$625M Worth of Cryptocurrencies Stolen in Hack

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Roughly $625 million worth of Ethereum (ETH) and USDC, a stablecoin pegged to the price of USD, has been stolen from the popular cryptocurrency and NFT powered Axie Infinity game.
The hack occurred last week but went unnoticed by the company until a user tried to withdraw a large amount of ETH and failed. The company revealed the hack in a blog post Monday night.
According to the blog post, the hacker exploited the Ronin sidechain, which acts as a bridge between the main Ethereum blockchain and the Axie Infinity game. Sidechains are used to add functionality and usability to blockchains, in this case enabling a large number of transactions without users having to pay fees to the Ethereum blockchain until they cash out.
The sidechain was secured through nine nodes that validate and approve transactions. Unlike Bitcoin or Ethereum’s main chain, which consists of thousands of nodes distributed across the world in a decentralized manner, eight Ronin sidechain nodes were controlled by Sky Mavis, the parent company of Axie Infinity, and one was controlled by the Axie Distributed Autonomous Organization (DAO), which is technically independent.
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The hacker, according to Sky Mavis, was able to infiltrate four of their nodes and the Axie DAO node and used that along with their gas-free RPC node, essentially the node that communicates with the Ethereum blockchain remotely, to perform the hack.
Sky Mavis says they are working with law enforcement and blockchain analysis company Chainanalysis to track the funds. Most major exchanges, including Binance, Crypto.com, Huobi and FTX, have indicated that they are aware of the situation. The Ronin sidechain and its automated market maker Katana have been shut down until the situation stabilizes.
Axie Infinity is a game that allows users to trade, breed and fight monsters to gain rewards in the form of two ETH-20 tokens, Axie Infinity Shards (AXS) and Smooth Love Potions (SLP). ETH-20 is a token protocol that can be traded on the Ethereum blockchain but is separate from base Ethereum currency and has increased functionality. ETH-20 is the most popular token type for NFTs.
While sidechains and bridges are extremely useful for large scale projects that require millions of transactions like Axie Infinity, Vitalik Buterin, the inventor and creator of Ethereum, warned about their inherent dangers in a reddit post two months ago.
“51% attacking even one chain is difficult and expensive. However, the more usage of cross-chain bridges and apps there is, the worse the problem becomes. No one will 51% attack Ethereum just to steal 100 Solana-WETH [Wrapped Ethereum] (or, for that matter, 51% attack Solana just to steal 100 Ethereum-WSOL). But if there's 10 million ETH or SOL in the bridge, then the motivation to make an attack becomes much higher, and large pools may well coordinate to make the attack happen. So cross-chain activity has an anti-network-effect: while there's not much of it going on, it's pretty safe, but the more of it is happening, the more the risks go up.”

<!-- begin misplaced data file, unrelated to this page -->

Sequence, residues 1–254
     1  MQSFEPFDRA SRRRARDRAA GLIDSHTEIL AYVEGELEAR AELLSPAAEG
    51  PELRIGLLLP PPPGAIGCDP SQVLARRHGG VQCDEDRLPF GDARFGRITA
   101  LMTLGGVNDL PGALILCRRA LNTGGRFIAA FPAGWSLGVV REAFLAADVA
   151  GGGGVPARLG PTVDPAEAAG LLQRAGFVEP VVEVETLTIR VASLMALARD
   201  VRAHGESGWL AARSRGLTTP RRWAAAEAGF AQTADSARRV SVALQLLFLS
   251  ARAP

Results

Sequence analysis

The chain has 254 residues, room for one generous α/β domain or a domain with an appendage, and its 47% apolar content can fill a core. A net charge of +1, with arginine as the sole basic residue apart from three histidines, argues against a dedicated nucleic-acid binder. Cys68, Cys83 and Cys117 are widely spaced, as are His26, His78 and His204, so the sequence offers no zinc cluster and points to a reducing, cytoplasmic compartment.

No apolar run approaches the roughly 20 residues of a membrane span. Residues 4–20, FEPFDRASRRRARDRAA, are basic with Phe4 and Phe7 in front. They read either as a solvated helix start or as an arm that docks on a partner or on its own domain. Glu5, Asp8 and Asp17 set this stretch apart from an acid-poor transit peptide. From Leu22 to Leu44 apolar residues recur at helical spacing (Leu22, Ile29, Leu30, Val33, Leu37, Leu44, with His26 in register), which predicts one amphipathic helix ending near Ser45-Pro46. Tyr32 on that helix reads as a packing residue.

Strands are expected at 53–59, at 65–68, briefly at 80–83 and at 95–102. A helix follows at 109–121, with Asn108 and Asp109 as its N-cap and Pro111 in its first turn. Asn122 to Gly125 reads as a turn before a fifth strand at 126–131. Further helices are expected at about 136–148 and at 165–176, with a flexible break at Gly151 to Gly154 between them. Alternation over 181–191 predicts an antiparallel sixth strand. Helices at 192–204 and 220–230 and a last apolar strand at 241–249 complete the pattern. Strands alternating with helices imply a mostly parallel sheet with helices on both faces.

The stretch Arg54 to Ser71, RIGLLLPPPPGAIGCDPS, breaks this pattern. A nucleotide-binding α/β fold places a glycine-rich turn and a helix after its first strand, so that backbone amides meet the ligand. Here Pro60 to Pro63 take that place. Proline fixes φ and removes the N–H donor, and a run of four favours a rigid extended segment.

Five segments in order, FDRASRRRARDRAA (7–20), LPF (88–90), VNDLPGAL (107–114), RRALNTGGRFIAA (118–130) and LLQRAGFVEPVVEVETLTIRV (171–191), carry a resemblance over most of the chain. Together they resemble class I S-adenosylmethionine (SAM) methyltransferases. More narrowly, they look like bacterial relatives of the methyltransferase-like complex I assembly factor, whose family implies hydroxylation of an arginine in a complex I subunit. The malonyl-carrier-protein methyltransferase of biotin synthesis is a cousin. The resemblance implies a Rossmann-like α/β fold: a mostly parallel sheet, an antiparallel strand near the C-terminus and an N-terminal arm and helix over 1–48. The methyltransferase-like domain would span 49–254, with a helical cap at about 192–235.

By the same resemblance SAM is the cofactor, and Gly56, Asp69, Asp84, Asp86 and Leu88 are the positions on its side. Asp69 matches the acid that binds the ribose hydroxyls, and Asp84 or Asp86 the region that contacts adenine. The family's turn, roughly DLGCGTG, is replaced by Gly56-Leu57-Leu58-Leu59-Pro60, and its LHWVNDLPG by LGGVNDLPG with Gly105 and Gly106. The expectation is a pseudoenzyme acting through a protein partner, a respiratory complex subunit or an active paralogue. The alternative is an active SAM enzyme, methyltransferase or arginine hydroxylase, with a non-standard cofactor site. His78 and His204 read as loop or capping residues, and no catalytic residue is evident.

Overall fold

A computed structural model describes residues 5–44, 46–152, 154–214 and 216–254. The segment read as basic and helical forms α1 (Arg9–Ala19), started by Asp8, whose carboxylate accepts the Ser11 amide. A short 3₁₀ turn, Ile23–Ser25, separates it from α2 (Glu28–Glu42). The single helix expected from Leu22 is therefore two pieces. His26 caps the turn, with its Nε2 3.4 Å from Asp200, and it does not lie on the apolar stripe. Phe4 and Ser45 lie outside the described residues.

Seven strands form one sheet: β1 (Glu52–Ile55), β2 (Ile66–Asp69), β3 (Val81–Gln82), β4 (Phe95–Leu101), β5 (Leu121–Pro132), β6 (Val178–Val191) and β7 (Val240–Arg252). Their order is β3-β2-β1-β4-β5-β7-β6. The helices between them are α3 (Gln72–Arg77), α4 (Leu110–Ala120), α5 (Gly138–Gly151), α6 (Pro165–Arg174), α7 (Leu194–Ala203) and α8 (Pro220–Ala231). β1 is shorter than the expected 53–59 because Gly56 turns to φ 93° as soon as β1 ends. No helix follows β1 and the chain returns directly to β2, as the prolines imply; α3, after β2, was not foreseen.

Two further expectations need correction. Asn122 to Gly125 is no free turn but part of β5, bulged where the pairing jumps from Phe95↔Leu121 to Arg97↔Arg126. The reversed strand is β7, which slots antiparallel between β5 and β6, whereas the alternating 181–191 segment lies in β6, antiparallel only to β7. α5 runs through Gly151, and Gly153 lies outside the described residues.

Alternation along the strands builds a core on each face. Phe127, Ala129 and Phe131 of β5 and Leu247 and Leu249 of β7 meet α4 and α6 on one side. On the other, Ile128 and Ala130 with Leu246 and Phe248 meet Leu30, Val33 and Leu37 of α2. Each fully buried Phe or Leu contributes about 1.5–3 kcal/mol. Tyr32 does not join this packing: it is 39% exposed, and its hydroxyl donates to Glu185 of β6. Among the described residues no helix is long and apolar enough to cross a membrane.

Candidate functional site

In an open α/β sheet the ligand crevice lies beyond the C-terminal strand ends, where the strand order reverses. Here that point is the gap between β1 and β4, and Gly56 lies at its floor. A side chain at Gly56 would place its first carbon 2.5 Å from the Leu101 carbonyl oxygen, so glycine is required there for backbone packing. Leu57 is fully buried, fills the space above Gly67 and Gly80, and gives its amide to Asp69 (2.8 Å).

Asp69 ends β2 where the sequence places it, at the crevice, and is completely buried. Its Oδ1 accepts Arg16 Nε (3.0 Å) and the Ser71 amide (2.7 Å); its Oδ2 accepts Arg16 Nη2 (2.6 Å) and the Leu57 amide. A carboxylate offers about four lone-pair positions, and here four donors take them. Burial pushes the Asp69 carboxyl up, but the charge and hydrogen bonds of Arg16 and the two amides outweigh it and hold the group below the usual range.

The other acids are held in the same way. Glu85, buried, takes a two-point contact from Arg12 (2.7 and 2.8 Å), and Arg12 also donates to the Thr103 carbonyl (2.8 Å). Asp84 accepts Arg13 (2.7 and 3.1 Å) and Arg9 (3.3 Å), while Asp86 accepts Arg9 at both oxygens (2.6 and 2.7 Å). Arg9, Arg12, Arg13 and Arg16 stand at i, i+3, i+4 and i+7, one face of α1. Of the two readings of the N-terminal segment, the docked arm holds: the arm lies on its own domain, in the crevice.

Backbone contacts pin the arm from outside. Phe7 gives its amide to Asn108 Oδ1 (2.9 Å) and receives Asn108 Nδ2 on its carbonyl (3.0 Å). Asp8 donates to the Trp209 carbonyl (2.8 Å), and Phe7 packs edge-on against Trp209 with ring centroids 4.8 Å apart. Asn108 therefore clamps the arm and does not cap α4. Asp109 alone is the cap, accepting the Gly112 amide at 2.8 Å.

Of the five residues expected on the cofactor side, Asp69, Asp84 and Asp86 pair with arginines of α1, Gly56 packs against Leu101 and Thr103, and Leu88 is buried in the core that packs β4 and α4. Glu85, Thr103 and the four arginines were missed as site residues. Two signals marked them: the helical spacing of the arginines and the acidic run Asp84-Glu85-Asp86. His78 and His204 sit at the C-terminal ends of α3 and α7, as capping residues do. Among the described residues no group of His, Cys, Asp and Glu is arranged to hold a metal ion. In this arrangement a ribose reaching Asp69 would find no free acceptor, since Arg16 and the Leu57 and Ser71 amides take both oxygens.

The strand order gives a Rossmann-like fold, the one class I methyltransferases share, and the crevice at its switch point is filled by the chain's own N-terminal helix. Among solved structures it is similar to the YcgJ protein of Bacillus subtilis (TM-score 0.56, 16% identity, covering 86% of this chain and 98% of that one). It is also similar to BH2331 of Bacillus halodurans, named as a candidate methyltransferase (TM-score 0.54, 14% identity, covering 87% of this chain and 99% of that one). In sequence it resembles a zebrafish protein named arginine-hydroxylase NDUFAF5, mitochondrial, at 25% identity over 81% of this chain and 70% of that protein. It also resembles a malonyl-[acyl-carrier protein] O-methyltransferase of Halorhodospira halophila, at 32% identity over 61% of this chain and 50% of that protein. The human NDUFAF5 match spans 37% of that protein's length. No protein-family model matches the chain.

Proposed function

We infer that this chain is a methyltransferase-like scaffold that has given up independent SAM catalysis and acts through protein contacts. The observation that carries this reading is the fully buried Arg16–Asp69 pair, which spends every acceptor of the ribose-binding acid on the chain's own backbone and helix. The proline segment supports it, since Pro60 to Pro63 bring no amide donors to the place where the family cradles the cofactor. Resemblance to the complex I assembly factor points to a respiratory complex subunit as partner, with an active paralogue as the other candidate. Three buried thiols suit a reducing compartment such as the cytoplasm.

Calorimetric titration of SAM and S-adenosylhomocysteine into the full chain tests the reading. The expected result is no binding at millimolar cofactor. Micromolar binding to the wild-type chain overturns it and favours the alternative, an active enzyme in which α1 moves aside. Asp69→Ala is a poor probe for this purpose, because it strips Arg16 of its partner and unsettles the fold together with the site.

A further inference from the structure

A 51% attack is when a malicious actor obtains more than 50% of a blockchain’s hashing power or nodes in order to perform fraudulent transactions, for example, sending the same coins twice.
The Axie Infinity sidechain obviously had enough ETH and USDC that compromising five centralized nodes was worth it to the hacker. The hacker, however, may find it difficult to cash out their ill gotten gains. In August 2021, a hack of the Poly Network worth over $600 million was eventually returned in full after the hacker’s IP address and emails were revealed by a security firm.
Meanwhile, the Axie hacker has made some puzzling decisions. A small amount of the stolen funds have been sent to centralized exchanges, like Binance. Centralized exchanges follow Know Your Customer (KYC) and Anti-money Laundering (AML) laws, preventing them from being a haven to launder money.
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As CoinDesk points out, it is possible that the hacker is using purchased or hacked accounts, but it would still be difficult because centralized exchanges will likely prevent the stolen funds from being traded for other coins or sold for fiat currencies. And even if they did manage to sell the stolen funds on a centralized exchange and then cash out, doing so would reveal the hacker’s bank account information.
It is hypothesized by law enforcement that the hacker will eventually send the stolen coins to a decentralized exchange, a cryptocurrency exchange run by individuals around the world not unlike cryptocurrencies themselves, and exchange it for a privacy focused coin like Monero or ZCash.
There they will flip the privacy focused cryptocurrencies back into the decentralized exchange for a typical coin like Bitcoin or Ethereum and then transfer it slowly to a centralized exchange for an eventual sale into fiat. With such a large amount, it is not guaranteed that the hacker will be successful in laundering their funds, but their current behavior of sending it to centralized exchanges remains baffling.
For now, most of the stolen ETH is unusable. A clever hacker stole $625 million, but currently has nothing to show for it.
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